Mr. Austin Mitchell : To ask the Secretary of State for Employment if he will publish in the Official Report a table showing the percentage increase in average earnings of full-time manual workers in the motor vehicle industry in the year to April 1989 and the increase for non-manuals in banking and business services.
Ms. Short : To ask the Secretary of State for Employment what was the number of (a) contracted YTS places and (b) YTS trainees in training, for each region and for Great Britain as a whole for March and September for each year since 1986.
Mr. Nicholls : The table shows the number of YTS contracted places and the number of young people in training on YTS as at March and September of each year since 1986, for each Training Agency region and for Great Britain :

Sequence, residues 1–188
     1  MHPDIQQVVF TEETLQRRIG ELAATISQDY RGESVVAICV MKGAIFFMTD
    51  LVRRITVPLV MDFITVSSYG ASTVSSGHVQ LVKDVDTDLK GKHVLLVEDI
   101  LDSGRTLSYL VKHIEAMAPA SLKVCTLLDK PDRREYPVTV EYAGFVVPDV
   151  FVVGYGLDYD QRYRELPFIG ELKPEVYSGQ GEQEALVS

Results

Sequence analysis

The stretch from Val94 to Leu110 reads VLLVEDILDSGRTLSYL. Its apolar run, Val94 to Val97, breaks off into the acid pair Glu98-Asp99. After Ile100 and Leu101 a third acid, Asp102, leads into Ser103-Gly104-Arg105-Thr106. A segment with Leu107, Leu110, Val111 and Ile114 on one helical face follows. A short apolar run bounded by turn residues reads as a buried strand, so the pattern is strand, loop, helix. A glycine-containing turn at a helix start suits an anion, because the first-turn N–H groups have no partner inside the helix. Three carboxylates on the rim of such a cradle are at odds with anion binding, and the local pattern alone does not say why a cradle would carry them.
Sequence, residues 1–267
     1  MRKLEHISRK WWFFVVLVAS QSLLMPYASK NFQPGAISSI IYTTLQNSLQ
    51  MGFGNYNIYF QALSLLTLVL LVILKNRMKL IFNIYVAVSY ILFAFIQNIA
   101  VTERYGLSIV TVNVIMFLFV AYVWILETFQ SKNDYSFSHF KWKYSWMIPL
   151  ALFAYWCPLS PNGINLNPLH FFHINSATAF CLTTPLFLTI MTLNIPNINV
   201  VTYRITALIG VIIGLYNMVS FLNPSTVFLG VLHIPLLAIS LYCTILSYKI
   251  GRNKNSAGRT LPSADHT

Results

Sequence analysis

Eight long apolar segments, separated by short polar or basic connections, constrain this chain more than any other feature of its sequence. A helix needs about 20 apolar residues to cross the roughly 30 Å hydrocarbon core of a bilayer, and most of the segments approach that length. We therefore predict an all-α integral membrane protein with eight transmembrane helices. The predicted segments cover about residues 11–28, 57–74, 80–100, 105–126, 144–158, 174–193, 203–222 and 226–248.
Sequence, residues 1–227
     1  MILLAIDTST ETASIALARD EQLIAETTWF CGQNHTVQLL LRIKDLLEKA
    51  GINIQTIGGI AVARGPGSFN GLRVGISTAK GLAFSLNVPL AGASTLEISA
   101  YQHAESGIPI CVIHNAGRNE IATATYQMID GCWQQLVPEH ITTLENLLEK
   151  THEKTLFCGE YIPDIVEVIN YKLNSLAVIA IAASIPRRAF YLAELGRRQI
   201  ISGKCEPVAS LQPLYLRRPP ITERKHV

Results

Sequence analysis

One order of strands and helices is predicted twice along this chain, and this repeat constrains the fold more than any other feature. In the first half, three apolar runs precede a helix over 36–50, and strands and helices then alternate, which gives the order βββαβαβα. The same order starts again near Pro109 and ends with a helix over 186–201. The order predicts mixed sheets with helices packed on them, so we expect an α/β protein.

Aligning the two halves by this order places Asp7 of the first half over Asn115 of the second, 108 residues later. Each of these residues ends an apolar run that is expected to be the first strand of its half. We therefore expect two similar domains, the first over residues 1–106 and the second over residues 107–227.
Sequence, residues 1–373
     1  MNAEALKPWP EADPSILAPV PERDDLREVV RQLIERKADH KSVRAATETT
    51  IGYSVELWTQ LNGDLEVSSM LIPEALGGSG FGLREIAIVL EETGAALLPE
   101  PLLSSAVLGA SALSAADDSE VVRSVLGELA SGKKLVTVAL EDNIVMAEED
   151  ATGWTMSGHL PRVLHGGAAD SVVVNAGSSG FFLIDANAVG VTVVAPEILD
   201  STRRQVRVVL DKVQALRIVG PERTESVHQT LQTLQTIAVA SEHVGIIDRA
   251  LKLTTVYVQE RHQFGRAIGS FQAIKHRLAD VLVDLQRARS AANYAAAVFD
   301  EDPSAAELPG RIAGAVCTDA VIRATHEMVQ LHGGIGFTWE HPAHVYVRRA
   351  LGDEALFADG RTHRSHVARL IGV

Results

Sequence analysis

Number of contracted places and number of young people in training on YTS Figures rounded to nearest 100 |South |London |South |West |East |Yorkshire |North |Northern |Wales |Scotland |Great |East |West |Midlands |Midlands |and |West |Britain |and |Humberside |Eastern -------------------------------------------------------------------------------------------------------------------------------------------------------------- 31 March 1986 Contraced places |46,300 |17,000 |24,600 |58,600 |- |31,900 |45,800 |20,400 |18,300 |34,300 |297,300 Number of YPs in training |41,500 |16,000 |20,900 |53,700 |- |28,200 |39,400 |17,800 |16,400 |31,500 |265,200 30 September 1986 Contracted places |47,900 |27,200 |32,700 |59,600 |48,800 |44,200 |62,600 |31,900 |26,400 |46,500 |427,900 Number of YPs in training |38,000 |19,300 |28,700 |48,700 |42,600 |38,900 |56,400 |27,300 |21,700 |38,800 |360,400 31 March 1987 Contracted places |52,400 |34,100 |34,700 |61,000 |52,300 |46,400 |67,400 |33,400 |28,400 |47,600 |457,700 Number of YPs in training |33,300 |17,300 |24,500 |41,400 |36,300 |34,100 |49,100 |28,300 |20,500 |37,700 |318,200 30 September 1987 Contracted places |66,000 |37,400 |46,600 |77,100 |68,200 |59,800 |90,400 |43,700 |32,200 |59,300 |580,700 Number of YPs in training |46,000 |20,300 |35,400 |55,100 |51,700 |49,900 |67,100 |31,400 |25,400 |45,700 |428,000 31 March 1988 Contracted places |63,600 |32,500 |44,300 |69,900 |65,800 |54,900 |82,300 |38,200 |28,500 |58,800 |538,800 Number of YPs in training |42,200 |20,700 |31,300 |46,500 |46,700 |43,800 |60,200 |28,500 |23,100 |46,100 |389,100 30 September 1988 Contracted places |62,500 |33,400 |45,300 |71,600 |65,900 |60,200 |81,800 |39,800 |29,400 |62,400 |552,300 Number of YPs in training |45,800 |22,200 |34,500 |51,700 |52,200 |52,000 |67,900 |33,200 |25,900 |50,300 |435,500 31 March 1989 Contracted places |58,900 |30,300 |43,400 |69,100 |63,500 |61,400 |80,500 |39,600 |29,000 |62,000 |537,700 Number of YPs in training |40,000 |21,200 |30,500 |43,600 |46,600 |45,200 |60,700 |30,500 |23,800 |49,800 |391,900 30 September 1989 Contracted places |60,500 |32,000 |40,500 |64,100 |60,700 |59,600 |78,000 |38,600 |28,500 |60,900 |523,500 Number of YPs in training |41,300 |21,500 |32,200 |46,500 |49,400 |49,200 |63,700 |32,000 |25,200 |50,700 |411,600 Note: Due to independent rounding, regional totals may not correspond to Great Britain total.